By on August 13, 2014

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Days before the massive Woodward Dream Cruise and just a few feet off of the famous cruising strip itself, Dodge dropped the other shoe and revealed the Challenger Hellcat’s more practical four door sibling, the Dodge Charger SRT Hellcat, also equipped with the supercharged Hellcat HEMI V8 that is rated at 707 horsepower. With a 0-60 time of 3.7 seconds, a quarter mile ET of 11.0 seconds and a top speed of 204 miles per hour, the Charger Hellcat is, without any asterisks or caveats, the fastest sedan in the world. The phrase “redefines practicality” was jokingly tossed around and it’s possible that the Charger Hellcat will outsell the Challenger Hellcat because it can be rationalized as a family car. After all, it does have four doors and seats five. (Read More…)

By on August 13, 2014

You may find the idea that relatively obscure British sports car, with fewer than 16,000 made, could be the most inspirational or influential sports car ever a bit far-fetched, but I think a compelling argument can be made in the favor of the Lotus Elan. Yes, there were two seaters going back to the MG TC and even before that there were cars like the the Jaguar SS100. In many people’s minds the MGB defined 1960s era two seat roadsters, but was the B that much different from the Austin Healeys, the MGA, and the Jaguar XKs? An argument could be made that the Elan was the first modern sports car (putting aside the E Type Jaguar for the sake of argument) and it was introduced almost simultaneously with the MGB. Its contemporaries from MG and Triumph were primitive cars compared to the Elan. (Read More…)

By on August 11, 2014

If you could afford just about any sports car short of the exotics, why would you restore a more than 20 year old front engined four cylinder Porsche? That was the question that I asked orthopaedic surgeon Miles Singer, who completely rebuilt his Porsche 968. Miles is good at rebuilding things. I first got to know him through his wife, Debbie, a razor sharp PhD chemical engineer with whom I worked at DuPont. One day in 2001, while commuting to work on my bicycle, I entered a crosswalk on a very stale signal. The guy in the Infiniti SUV sitting next to the Airborne delivery truck in the curb lane didn’t see me till I popped out in front of him just after his light turned green. I actually saw the bumper hit my left knee. The next thing I knew, I was sitting on the ground and my lower left leg was at a funny angle to my thigh. (Read More…)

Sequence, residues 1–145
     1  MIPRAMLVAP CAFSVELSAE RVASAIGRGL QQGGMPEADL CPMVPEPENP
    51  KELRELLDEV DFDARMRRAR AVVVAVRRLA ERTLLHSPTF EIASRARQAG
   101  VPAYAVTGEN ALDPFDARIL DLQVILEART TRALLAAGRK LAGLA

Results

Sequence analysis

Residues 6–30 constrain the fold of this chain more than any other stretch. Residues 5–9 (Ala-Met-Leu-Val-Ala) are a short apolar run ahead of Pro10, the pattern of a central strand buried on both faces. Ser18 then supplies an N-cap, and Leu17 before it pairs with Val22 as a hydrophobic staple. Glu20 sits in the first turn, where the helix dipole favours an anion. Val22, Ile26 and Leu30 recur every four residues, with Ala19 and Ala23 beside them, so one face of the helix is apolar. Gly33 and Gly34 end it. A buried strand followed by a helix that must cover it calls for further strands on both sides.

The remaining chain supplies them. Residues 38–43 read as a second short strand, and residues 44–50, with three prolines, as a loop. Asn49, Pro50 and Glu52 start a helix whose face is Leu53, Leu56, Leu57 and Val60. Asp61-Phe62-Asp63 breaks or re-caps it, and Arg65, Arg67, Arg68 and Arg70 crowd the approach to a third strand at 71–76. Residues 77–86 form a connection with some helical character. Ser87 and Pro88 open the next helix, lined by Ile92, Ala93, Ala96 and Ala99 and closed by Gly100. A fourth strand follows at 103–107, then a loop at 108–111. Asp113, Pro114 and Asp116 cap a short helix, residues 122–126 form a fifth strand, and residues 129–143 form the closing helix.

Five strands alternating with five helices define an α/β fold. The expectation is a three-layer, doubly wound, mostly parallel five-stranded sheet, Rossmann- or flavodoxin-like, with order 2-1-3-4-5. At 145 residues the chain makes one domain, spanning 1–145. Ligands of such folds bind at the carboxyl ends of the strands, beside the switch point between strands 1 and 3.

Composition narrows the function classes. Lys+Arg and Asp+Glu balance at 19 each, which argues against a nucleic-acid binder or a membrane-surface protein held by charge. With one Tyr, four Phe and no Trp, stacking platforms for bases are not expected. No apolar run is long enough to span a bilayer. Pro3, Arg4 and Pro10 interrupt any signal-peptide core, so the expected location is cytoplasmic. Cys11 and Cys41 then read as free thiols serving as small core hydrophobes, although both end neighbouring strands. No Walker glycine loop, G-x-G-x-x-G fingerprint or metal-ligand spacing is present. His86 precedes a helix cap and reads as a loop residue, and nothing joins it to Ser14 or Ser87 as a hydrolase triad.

By on August 10, 2014

The way the story goes, the idea for General Motors’ Parade of Progress sprang from the mind of Charles Kettering, GM’s vice president for research and the inventor of the first practical electric self starter for automobiles, as he walked through GM’s exhibit at the 1933 Century of Progress world’s fair in Chicago. Looking at the demonstrations of the science and technology used in his company, he thought, why not put the show on the road and take the displays to towns across America? (Read More…)

By on August 8, 2014

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It’s always nice when you come across an answer that addresses a question that you’ve wondered about? When I saw that Vox, a relatively new site that says it has “the smartest thinkers, the toughest questions” to “explain” our confusing world to us, was running a post on which uses less fuel, running the A/C or opening the windows, I figured I could put the question to bed. While I did find out about the windows down vs air conditioning thing, I also found out that the smart thinkers over at Vox may not be as smart as they think they are. (Read More…)